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Selective Cleaning of Metallic Surfaces by Capacitor-Discharged Arcing

IP.com Disclosure Number: IPCOM000042440D
Original Publication Date: 1984-May-01
Included in the Prior Art Database: 2005-Feb-03
Document File: 3 page(s) / 35K

Publishing Venue

IBM

Related People

Flink, HG: AUTHOR [+5]

Abstract

A method and apparatus are provided for cleaning a selected portion of the surface of an element, a print wire, for example, without disturbing the metallurgical structure of the element. The cleaning is accomplished by selectively burning oxides and organic materials from the surface of the element. An electrical circuit is also provided for producing an ionized hot gas plasma where the energy level of the plasma and the duration thereof are closely controlled. The circuit for producing the ionized hot gas plasma (Fig. 1) includes an ignition coil or transformer 10 connected to a suitable power supply 11 and with a momentary contact switch 12 connected in the primary circuit to produce a high voltage which creates an arc across primary gap 15.

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Selective Cleaning of Metallic Surfaces by Capacitor-Discharged Arcing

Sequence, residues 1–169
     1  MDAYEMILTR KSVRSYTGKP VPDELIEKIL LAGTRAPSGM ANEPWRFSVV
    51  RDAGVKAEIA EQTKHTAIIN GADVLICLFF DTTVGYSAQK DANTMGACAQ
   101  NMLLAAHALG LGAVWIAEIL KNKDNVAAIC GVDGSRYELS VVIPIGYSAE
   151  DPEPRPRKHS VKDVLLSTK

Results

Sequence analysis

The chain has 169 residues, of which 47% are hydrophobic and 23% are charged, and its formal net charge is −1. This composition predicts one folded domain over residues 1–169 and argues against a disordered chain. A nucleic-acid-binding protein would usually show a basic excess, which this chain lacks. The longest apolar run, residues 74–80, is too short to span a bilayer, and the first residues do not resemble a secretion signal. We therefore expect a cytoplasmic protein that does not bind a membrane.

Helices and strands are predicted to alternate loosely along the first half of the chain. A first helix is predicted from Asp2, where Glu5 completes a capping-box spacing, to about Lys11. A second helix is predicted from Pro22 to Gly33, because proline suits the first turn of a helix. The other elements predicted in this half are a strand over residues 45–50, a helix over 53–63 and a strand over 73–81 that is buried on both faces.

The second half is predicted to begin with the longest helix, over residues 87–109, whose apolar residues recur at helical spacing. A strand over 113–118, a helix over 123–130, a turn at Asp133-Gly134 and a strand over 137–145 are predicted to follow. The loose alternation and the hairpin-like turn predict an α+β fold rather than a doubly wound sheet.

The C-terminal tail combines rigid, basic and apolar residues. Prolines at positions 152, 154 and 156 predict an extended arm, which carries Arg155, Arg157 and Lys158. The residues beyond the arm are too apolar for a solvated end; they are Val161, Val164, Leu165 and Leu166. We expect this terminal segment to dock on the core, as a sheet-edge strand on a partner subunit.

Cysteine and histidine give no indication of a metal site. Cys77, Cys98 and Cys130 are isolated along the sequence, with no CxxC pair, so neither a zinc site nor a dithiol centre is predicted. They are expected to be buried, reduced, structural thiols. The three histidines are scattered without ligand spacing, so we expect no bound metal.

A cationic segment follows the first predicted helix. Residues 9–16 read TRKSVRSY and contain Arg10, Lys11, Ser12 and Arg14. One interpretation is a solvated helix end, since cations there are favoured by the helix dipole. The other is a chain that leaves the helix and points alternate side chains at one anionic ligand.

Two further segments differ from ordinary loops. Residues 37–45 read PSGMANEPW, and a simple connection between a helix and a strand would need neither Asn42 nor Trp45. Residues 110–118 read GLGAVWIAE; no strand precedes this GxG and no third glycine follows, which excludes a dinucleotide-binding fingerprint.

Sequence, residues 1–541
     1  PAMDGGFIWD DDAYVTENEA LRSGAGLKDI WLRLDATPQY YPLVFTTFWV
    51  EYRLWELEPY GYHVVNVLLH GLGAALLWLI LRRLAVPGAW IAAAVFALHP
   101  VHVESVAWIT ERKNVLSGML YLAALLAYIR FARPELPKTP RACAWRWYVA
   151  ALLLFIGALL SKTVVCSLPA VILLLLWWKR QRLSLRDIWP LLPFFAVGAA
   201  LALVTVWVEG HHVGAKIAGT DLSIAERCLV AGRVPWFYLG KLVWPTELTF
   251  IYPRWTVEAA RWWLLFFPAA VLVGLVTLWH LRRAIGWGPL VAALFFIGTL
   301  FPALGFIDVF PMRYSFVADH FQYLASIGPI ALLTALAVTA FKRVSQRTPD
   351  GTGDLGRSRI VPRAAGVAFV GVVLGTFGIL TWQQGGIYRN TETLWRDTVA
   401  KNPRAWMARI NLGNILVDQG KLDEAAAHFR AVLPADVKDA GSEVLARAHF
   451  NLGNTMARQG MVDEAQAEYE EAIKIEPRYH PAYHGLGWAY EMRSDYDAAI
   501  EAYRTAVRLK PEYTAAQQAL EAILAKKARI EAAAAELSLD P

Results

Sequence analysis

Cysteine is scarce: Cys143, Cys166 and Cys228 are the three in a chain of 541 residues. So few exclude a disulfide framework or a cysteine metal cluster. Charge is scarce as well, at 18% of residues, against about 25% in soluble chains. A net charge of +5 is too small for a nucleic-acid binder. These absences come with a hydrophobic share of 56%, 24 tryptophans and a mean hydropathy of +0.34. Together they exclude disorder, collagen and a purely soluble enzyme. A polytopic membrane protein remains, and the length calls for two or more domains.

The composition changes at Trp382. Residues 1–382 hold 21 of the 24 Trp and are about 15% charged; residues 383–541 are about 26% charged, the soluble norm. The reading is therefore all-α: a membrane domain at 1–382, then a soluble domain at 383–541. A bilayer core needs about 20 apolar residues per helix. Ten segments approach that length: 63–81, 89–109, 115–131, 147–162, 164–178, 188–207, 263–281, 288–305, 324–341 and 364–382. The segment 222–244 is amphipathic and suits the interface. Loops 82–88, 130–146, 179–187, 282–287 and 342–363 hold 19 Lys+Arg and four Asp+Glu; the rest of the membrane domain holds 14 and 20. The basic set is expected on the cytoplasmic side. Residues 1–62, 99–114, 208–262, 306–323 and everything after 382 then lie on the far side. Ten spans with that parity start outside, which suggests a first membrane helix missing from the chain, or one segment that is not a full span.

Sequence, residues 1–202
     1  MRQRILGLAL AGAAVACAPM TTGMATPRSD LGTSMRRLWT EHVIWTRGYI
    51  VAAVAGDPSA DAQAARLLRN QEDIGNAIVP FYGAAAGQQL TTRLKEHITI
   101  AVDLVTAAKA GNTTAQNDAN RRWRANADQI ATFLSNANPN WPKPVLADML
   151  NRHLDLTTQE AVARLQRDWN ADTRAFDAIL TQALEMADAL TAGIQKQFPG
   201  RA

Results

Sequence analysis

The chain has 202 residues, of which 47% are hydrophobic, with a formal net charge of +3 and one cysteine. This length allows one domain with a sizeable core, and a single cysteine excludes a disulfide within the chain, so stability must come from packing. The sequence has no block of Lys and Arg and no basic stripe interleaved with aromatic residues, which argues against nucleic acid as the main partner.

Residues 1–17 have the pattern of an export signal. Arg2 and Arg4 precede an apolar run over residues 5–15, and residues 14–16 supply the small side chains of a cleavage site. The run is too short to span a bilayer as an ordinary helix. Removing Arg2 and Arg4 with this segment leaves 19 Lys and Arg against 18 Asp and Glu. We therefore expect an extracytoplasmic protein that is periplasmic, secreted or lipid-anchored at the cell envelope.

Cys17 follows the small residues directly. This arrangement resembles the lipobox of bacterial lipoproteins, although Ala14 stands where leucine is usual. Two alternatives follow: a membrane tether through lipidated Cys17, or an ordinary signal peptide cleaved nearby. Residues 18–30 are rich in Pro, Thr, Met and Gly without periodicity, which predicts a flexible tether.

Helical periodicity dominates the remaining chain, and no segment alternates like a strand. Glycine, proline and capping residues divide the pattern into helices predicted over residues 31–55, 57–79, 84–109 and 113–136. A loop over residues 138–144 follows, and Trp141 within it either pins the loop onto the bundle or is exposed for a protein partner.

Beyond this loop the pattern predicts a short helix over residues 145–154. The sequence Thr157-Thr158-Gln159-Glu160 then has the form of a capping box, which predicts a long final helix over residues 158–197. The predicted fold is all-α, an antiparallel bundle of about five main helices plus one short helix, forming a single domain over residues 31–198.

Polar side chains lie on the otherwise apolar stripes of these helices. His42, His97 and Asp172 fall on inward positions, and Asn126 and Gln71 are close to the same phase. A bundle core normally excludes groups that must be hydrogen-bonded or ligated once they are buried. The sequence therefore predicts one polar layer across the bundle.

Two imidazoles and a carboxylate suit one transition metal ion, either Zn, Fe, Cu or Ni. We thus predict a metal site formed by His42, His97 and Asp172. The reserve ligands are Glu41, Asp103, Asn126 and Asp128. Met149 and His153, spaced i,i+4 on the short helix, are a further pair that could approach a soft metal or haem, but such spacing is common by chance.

A method and apparatus are provided for cleaning a selected portion of the surface of an element, a print wire, for example, without disturbing the metallurgical structure of the element. The cleaning is accomplished by selectively burning oxides and organic materials from the surface of the element. An electrical circuit is also provided for producing an ionized hot gas plasma where the energy level of the plasma and the duration thereof are closely controlled. The circuit for producing the ionized hot gas plasma (Fig. 1) includes an ignition coil or transformer 10 connected to a suitable power supply 11 and with a momentary contact switch 12 connected in the primary circuit to produce a high voltage which creates an arc across primary gap 15. This arc produces an electrical pulse having a very fast rise time at the junction of the electrical node including inductor L1 and secondary air or arc gap 20. The inductor L1 allows a momentary high voltage across the secondary air gap 20, producing an arc and ionized path. The lower voltage charge stored in capacitor C2 discharges across the ionized secondary gap 20. This lower voltage discharge of capacitor C2 produces an ionized hot gas plasma in the secondary gap 20. The capacitor C2 is charged to a voltage by current flowing through resistor R1 from a DC power supply 25 set to the desired charge voltage. Most of the electrical energy stored in capacitor C2 can be dumped into the ionized gas plasma, producing extremely high temperatures for extremely short times. The heat and the time of the discharge can be closely controlled by adjusting the charge voltage across the capacitor C2, by changing the size of capacitor C2 or by changing the circuit series resistance. The series resistance can be changed by changing the secondary gap length, changing the ionizing gas mixture, magnetically changing the secondary arc length, or by putting a lumped resistor in series with the secondary gap electrodes. The electrodes 50, shown in Figs. 2 and 3, are positioned parallel to each other so that the result...